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Si te forte mea gravis ur et far tina chart a
Abjicito.' Hor. Lib. I. Epis. 13.

A- T^OU told me, I remember, glory built

-*- On selfish principles, is shame and guilt. The deeds that men admire as half divine, Stark naught, because corrupt in their design. Srrange doctrine this! that without scruple tears The laurel that the very light'ning spares,

B Brings

Brings down the warrior's trophy to the dust,
And eats into his bloody sword like rust.

B. I grant, that men continuing what they arc,
Fierce, avaricious, proud, there must be war.
And never meant the rule should be applied ,
To him that sights with justice on his fide.

Let laurels, drench'd in pure Parnassian dews, Reward his mem'ry, dear to ev'ry muse, Who, with a courage of unshaken root. In honour's field advancing his firm foot, Plants it upon the line that justice draws, And will prevail or perish in her cause. Tis to the virtues of such men, man owes His portion in the good that heav'n bestows, And when recording history displays Feats of renown, though wrought in antient days, Tells of a few- stout hearts that fought and dy'd Where duty plac'd them, at their country's fide, The man that is not mov'd with what he reads, That takes not fire at their heroic deeds,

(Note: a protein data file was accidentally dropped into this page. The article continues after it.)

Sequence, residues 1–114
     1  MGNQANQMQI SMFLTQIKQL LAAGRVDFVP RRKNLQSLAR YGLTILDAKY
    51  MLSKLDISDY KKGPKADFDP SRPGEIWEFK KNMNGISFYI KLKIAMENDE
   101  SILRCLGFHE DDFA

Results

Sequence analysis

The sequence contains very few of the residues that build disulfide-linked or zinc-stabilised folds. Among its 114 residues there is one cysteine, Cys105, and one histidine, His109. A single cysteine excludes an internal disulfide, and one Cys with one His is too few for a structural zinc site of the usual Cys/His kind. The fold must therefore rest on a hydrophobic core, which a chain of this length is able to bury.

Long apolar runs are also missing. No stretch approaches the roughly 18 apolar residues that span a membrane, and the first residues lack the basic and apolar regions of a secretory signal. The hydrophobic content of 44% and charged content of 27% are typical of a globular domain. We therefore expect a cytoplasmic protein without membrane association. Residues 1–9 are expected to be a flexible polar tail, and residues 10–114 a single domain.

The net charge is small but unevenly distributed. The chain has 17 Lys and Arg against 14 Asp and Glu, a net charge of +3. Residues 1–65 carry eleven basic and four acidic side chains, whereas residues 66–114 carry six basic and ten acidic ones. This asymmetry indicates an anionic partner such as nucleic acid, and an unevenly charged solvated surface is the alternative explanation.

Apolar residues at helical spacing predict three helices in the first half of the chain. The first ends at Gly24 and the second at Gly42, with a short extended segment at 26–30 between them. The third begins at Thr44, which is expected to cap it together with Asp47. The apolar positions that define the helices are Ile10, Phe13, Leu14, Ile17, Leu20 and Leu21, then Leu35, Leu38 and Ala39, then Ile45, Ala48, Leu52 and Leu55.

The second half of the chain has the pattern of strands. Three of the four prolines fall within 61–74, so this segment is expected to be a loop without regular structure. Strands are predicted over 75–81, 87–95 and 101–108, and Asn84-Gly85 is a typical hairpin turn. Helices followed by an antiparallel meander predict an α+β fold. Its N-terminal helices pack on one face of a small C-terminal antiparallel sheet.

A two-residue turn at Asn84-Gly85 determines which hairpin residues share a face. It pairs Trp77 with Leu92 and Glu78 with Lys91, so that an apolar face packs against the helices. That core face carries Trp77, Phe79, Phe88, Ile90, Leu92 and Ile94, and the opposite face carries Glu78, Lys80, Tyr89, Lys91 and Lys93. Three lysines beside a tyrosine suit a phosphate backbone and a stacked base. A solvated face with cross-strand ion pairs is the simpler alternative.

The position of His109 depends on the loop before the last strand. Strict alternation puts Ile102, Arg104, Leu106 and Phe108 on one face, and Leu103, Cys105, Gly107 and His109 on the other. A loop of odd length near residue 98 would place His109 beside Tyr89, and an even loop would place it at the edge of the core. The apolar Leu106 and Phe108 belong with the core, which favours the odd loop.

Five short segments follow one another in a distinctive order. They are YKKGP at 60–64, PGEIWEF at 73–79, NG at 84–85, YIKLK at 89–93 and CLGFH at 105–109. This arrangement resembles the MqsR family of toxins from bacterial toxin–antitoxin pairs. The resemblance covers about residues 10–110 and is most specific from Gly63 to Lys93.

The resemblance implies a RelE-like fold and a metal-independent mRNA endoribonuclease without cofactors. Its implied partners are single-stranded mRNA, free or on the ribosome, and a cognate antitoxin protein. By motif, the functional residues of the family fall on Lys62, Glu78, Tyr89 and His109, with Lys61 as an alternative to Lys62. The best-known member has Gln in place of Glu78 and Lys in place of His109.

Unworthy of the blessings of the brave,
Is base in kind, and born to be a slave.

But let eternal infamy pursue
The wretch to naught but hk ambition true,
"Who, for the sake of filling with one blast
The post-horns of all Europe, lays her waste.
Think yourself station'd on a tow'ring rock,
To see a people scatter'd like a flock,
Some royal mastisf panting at their heels,
"With all the savage thirst a tyger feels,
Then view him self-proclaim'd in a gazette,
Chief monster that has plagu'd the nations yet,
The globe and sceptre in such hands misplac'd,
Those ensigns of dominion, how disgrac'd!
The glass that bids man mark the fleeting hour,
And death's own scythe would better speak his pow'r,
Then grace the boney phantom in their stead
With the king's shoulder knot and gay cockade,
Cloath the twin brethren in each other's dress,
The fame their occupation and success.

B a A, Tis

A. 'Tis your belief the world was made for man, Kings do but reason on the self same plan, Maintaining your's you cannot theirs condemn, "Who think, or seem to think, man made for them.

B. Seldom, alas! the power of logic reigns
"With much sufficiency in royal brains.
Such reas'ning falls like an inverted cone,
Wanting its proper base to stand upon.

Man made for kings! those optics are but dim
That tell you so— fay rather, they for him.
That were indeed a king-enobling thought,
Could they, or would they, reason as they ooght.
The diadem with mighty projects lin'd,
To catch renown by ruining mankind,
Is worth, with all its gold and glitt'ring store,
Just what the toy will fell for and no more.
Oh! bright occasions of dispensing good,
How seldom used, how little understood!
To pour in virtue's lap her just reward,
Keep vice restrajn'd behind a double guard,


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